So we prefer to use the satellite record whenever possible, in line with Professor Humlum’s recommendation.

5 comments on “#CoolClimateData: Climate4You.com and the comparison of surface temperatures”

  1. Following Tony Heller's lead, you should mark on these graphs periods when the glaciers were retreating due to a warming trend, and periods where they were advancing due to a cooling trend. You will see that the advances and retreats do not match the reconstructed thermometer record very well. This method empirically refutes the adjustment methods employed by the alarmists.

  2. A number of issues raised here need clarification.
    1. The article says "The HadCRUT4 record since 1979 looks like this:" but then shows the a plot of the HadCRUT5 data.

    2. A sweeping generalization (or implied generalization) about adjustments is likely to be misinterpreted. What's needed is an explanation of why the data is adjusted - the output is temperature estimates, not adjusted data - and the potential errors in the adjustment method (e.g. false assumptions).

    3. The meaning of "HadCRUT" is only partially correct. The "Had" part is for the UK Met Office Hadley Centre, which deals with sea surface temperatures, and the CRU for the Climatic (not Climate) Research Unit at the university of East Anglia, which processes data from weather stations. They each develop their own datasets - HadSST4 and CRUTEM5 - and merge them to create HadCRUT5.

    4. The change in HadCRUT data, specifically the global average temperature anomaly, surprises me only to the amount of blue in the plot. Temperature adjustments/ estimates are typically biased downwards due to the inability of the methods to deal with gradually increasing non-meteorological distortions but being much better at dealing with the sudden changes that "correct" those situations (e.g. a station relocation or vegetation cleared). A weather station move to a cooler location will mean that all past data gets adjusted downwards, those becoming the estimated temperatures that would have been measured with the current instruments in the current location. Temperature anomalies are calculated relative to 1961-1990 averages, so if the data in that period is "adjusted" then all of the anomalies will change. (P.S. Not that I said "all past data gets adjusted downwards". This means that the distorted data is adjusted by the same amount as the very early undistorted data, which means the false trend caused by non-meteorological influences is still present.)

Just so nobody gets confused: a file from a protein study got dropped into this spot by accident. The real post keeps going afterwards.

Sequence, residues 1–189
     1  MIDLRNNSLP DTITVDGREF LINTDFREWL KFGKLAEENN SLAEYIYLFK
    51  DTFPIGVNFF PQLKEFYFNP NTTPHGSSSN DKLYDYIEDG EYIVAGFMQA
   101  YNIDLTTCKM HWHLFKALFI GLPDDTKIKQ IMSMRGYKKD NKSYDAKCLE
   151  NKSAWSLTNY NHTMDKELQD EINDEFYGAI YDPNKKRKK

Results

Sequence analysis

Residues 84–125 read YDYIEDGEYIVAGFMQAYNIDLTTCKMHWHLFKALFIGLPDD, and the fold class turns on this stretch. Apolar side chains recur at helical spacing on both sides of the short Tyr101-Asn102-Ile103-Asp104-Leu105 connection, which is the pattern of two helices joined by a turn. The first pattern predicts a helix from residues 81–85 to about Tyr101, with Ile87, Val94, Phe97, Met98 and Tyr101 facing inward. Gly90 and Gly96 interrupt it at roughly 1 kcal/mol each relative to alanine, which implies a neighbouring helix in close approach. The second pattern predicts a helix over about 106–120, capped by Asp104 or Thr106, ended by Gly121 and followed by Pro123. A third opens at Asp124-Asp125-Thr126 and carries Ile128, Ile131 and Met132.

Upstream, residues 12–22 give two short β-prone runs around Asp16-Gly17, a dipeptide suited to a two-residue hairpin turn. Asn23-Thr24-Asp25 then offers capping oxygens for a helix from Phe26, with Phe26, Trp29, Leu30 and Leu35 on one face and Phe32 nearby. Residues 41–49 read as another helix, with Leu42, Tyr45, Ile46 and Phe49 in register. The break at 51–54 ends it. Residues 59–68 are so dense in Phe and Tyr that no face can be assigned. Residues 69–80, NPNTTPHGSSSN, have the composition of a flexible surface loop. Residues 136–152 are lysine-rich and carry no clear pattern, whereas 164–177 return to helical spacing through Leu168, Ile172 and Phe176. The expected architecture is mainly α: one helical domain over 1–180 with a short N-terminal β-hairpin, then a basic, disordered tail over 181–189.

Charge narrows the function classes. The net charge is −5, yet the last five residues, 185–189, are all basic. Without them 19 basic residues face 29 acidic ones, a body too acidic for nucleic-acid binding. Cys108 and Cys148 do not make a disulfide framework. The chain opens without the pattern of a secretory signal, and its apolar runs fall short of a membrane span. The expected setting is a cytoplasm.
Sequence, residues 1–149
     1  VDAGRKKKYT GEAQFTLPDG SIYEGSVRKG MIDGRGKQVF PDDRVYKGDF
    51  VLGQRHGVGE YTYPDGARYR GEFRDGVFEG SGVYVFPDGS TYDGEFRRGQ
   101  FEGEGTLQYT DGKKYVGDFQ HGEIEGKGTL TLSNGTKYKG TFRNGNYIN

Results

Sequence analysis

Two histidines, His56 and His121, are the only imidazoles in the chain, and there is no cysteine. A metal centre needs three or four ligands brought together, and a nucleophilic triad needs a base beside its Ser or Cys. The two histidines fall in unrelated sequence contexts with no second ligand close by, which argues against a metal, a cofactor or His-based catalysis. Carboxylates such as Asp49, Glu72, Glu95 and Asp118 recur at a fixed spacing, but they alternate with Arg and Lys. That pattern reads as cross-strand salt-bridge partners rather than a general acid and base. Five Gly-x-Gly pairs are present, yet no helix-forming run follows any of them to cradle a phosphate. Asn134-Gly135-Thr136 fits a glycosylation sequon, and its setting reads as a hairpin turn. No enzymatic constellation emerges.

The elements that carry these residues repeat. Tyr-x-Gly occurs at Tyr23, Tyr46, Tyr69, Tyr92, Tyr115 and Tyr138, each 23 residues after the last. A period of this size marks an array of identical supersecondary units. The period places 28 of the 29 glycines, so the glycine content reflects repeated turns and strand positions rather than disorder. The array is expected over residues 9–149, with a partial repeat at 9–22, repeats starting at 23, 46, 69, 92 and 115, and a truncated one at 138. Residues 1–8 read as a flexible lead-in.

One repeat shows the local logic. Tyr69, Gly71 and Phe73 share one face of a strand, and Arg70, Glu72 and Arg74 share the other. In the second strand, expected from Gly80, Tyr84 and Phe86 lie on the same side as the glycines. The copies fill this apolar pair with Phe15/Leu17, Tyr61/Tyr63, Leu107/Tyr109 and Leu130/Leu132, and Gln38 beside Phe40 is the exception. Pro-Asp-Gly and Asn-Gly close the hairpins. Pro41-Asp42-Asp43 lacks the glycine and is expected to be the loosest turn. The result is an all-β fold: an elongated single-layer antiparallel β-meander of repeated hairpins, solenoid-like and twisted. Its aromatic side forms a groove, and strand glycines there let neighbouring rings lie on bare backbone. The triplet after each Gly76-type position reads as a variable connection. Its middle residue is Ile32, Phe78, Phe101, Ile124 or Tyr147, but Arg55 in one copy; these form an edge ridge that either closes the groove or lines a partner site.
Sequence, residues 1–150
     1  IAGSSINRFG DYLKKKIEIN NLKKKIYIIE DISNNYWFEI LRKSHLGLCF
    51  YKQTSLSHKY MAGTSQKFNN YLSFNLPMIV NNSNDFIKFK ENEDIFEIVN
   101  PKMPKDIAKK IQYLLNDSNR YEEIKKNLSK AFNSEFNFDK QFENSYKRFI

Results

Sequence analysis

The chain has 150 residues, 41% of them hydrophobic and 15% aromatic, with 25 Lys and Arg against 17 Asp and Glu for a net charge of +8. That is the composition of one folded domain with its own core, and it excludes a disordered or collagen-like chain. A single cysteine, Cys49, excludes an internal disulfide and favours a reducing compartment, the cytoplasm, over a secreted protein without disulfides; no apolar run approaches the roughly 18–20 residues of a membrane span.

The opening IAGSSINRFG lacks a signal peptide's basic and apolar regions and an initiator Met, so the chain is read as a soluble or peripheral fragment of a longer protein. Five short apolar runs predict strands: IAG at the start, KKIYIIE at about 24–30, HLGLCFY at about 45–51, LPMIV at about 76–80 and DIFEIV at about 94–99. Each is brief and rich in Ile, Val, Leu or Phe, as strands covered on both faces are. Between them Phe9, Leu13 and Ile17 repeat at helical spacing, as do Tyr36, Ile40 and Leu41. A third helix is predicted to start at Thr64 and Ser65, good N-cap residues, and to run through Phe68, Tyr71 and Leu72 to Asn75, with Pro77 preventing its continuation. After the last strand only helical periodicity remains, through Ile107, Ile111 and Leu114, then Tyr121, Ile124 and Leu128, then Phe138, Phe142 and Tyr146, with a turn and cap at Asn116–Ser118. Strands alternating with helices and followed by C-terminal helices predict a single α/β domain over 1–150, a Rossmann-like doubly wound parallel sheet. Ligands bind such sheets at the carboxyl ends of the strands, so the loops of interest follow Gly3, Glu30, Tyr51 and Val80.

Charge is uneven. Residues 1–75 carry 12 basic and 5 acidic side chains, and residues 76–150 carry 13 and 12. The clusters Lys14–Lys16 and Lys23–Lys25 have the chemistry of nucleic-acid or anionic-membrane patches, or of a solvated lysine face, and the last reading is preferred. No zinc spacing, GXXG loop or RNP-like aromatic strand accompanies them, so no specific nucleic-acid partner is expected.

5. I believe that HadSST4, the sea surface temperature component of HadCRUT5, also had some new tweaks to bring them to what they would be at the (ostensibly) same depth. HadSST3 had 100 alternatives but HadSST5 has 200 alternatives, all based on guesses about what method was used to measure the temperature in the instances that no methodology was noted. Each guess then means a different adjustment. The commonly used version, which I think means the version used for HadCRUT5, isn't the mean value of the 200 guesses but the median value (although it makes about 0.02 C difference in most years). This type of work might also account for some of the difference between HadCRUT versions.

  3. Your "Cumulative graph of HadCrut monthly average global average surface temperature changes" is EXTREMELY interesting.
    How was it generated? It looks like a smoothing of very noisy data

Leave a Reply

Your email address will not be published. Required fields are marked *